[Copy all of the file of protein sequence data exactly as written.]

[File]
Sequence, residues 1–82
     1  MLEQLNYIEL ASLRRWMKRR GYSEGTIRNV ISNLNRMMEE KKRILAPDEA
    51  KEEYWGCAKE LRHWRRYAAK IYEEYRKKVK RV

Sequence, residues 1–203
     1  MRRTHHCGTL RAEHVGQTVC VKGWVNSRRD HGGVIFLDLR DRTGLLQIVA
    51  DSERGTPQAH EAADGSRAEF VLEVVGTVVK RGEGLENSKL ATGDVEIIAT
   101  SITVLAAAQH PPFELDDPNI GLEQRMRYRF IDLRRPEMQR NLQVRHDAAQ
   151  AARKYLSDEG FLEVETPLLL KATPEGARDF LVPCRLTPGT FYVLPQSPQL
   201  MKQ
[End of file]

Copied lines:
Sequence, residues 1–82
     1  MLEQLNYIEL ASLRRWMKRR GYSEGTIRNV ISNLNRMMEE KKRILAPDEA
    51  KEEYWGCAKE LRHWRRYAAK IYEEYRKKVK RV

Sequence, residues 1–203
     1  MRRTHHCGTL RAEHVGQTVC VKGWVNSRRD HGGVIFLDLR DRTGLLQIVA
    51  DSERGTPQAH EAADGSRAEF VLEVVGTVVK RGEGLENSKL ATGDVEIIAT
   101  SITVLAAAQH PPFELDDPNI GLEQRMRYRF IDLRRPEMQR NLQVRHDAAQ
   151  AARKYLSDEG FLEVETPLLL KATPEGARDF LVPCRLTPGT FYVLPQSPQL
   201  MKQ